Etymology
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emu (n.)
large Australian three-toed bird, 1610s, probably from Portuguese ema "crane, ostrich" (which is of unknown origin), perhaps based on a folk-etymology of a native name.
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emulous (adj.)
"desirous of equaling or excelling," late 14c., from Latin aemulus "striving, rivaling," in a bad sense "envious, jealous," from aemulari "to rival" (see emulation). Related: Emulously.
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emulsifier (n.)

"an emulsifying agent or apparatus," 1872, agent noun from emulsify.

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emulsification (n.)

"act of emulsifying; state of being emulsified," 1858, noun of action from emulsify.

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emulation (n.)

"effort to equal or excel in qualities or actions that one admires in another or others; imitative rivalry," 1550s, from French émulation (13c.) and directly from Latin aemulationem (nominative aemulatio) "rivalry, emulation, competition," noun of action from past-participle stem of aemulari "to rival, strive to excel," from aemulus "striving, rivaling" (also as a noun, "a rival," fem. aemula), from Proto-Italic *aimo-, from PIE *aim-olo, suffixed form of root *aim- "copy" (from PIE root *aim- "to copy").

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emulsion (n.)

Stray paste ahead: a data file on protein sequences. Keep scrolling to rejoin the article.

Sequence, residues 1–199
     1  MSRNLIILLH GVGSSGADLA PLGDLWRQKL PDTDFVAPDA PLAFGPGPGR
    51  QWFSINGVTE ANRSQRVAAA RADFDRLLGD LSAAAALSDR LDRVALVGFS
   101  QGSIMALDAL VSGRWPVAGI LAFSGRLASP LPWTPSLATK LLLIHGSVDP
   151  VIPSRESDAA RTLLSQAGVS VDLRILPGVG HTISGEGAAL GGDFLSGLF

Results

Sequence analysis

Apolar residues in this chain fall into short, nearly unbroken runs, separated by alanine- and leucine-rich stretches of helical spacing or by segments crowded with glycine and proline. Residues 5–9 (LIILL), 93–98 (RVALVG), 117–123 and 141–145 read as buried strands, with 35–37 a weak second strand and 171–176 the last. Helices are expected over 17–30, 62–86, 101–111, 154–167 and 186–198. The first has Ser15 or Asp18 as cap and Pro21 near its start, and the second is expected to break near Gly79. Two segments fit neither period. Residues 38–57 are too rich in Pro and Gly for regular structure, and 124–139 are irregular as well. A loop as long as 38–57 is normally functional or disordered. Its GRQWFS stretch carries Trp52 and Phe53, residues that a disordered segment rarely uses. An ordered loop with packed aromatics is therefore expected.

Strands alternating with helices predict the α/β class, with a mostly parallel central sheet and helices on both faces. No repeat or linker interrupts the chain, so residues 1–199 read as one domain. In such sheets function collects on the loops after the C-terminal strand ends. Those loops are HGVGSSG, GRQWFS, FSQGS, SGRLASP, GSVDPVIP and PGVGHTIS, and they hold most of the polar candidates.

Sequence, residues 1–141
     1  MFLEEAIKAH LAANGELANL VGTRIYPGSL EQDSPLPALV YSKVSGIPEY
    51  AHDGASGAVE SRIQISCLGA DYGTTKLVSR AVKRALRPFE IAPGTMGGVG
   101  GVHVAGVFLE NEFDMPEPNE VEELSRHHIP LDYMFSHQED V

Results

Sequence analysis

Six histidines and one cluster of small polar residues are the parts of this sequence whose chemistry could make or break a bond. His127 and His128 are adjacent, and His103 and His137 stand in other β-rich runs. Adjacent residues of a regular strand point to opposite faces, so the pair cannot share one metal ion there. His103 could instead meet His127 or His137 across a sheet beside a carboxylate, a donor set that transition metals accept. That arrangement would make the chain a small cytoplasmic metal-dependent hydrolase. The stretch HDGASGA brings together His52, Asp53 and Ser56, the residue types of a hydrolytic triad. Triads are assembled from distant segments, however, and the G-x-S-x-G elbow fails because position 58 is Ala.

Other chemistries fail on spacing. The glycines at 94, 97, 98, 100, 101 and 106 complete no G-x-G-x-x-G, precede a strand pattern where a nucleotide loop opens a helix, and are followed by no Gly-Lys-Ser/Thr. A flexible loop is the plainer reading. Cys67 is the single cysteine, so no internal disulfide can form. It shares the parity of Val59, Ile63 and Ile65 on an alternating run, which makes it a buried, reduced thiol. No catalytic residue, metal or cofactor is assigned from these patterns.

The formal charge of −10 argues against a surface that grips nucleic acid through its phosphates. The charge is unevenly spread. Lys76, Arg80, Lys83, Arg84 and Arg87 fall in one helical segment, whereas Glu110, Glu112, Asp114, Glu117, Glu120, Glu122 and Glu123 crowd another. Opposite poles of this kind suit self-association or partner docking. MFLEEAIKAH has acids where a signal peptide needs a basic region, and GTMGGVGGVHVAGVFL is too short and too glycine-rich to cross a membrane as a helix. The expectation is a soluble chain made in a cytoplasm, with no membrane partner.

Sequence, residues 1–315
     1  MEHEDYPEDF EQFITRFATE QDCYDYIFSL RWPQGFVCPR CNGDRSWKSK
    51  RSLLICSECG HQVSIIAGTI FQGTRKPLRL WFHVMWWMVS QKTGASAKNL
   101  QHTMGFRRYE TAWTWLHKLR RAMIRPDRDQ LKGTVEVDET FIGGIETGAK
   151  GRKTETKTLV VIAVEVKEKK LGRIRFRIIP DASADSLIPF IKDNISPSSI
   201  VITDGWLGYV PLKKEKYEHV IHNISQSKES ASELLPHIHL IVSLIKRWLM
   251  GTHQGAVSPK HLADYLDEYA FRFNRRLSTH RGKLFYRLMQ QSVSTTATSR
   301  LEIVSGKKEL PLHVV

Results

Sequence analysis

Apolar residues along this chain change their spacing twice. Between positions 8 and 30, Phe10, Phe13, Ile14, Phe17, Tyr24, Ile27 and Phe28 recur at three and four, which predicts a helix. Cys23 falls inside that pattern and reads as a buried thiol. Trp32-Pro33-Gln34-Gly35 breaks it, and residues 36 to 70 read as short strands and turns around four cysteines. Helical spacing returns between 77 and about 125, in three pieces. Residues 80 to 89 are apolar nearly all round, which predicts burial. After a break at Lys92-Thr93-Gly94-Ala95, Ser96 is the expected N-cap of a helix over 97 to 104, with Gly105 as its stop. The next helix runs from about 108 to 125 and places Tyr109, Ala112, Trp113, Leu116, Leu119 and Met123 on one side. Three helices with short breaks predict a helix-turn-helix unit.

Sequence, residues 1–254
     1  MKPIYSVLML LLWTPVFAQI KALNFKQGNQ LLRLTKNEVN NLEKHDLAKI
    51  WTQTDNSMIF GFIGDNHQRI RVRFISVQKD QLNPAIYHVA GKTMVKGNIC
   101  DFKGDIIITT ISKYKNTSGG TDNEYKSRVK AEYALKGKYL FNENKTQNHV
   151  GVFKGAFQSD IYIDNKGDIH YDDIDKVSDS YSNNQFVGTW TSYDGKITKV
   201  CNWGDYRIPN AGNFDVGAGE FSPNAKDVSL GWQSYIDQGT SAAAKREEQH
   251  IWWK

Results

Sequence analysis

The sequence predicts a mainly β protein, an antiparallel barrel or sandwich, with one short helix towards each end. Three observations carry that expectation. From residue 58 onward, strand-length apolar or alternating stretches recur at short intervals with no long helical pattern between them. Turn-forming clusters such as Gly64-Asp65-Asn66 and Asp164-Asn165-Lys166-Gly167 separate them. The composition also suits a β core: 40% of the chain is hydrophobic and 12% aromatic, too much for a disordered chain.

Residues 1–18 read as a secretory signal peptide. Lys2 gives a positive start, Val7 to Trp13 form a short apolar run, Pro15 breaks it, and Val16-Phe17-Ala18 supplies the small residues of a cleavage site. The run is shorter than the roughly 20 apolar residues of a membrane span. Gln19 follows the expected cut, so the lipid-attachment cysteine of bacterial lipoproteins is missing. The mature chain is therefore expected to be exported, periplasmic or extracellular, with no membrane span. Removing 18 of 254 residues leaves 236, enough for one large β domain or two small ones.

"a mixture of liquids insoluble in one another, where one is suspended in the other in the form of minute globules," 1610s, from French émulsion (16c.), from Modern Latin emulsionem (nominative emulsio), noun of action from past participle stem of emulgere "to milk out," from assimilated form of ex "out" (see ex-) + mulgere "to milk" (from PIE root *melg- "to rub off; to milk"). The fat (butter) in milk is the classic example of an emulsion, drops of one liquid dispersed throughout another. Sense in photography is by 1840.

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emulsify (v.)

"make or form into an emulsion," 1853, from Latin emuls-, past-participle stem of emulgere "to milk out" (from assimilated form of ex "out;" see ex-; + mulgere "to milk," from PIE root *melg- "to rub off; to milk") + -fy. Related: emulsified.

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emulate (v.)

"to strive to equal or excel in qualities or actions," 1580s, a back-formation from emulation, or else from Latin aemulatus, past participle of aemulari "to rival." Related: Emulated; emulating; emulable; emulative.

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emulgent 

1570s (adj.), "draining out;" 1610s (n.), in anatomy, "an emulgent vessel," from Latin emulgentem (nominative emulgens), present participle of emulgere "to milk out, drain out, exhaust," from assimilated form of ex "out" (see ex-) + mulgere "to milk" (from PIE root *melg- "to rub off; to milk"). Related: Emulgence.

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emulator (n.)
1580s, "rival, competitor," from Latin aemulator "a zealous imitator, imitative rival," agent noun from aemulari "to rival" (see emulation). The meaning "imitative rival" in English is from 1650s.
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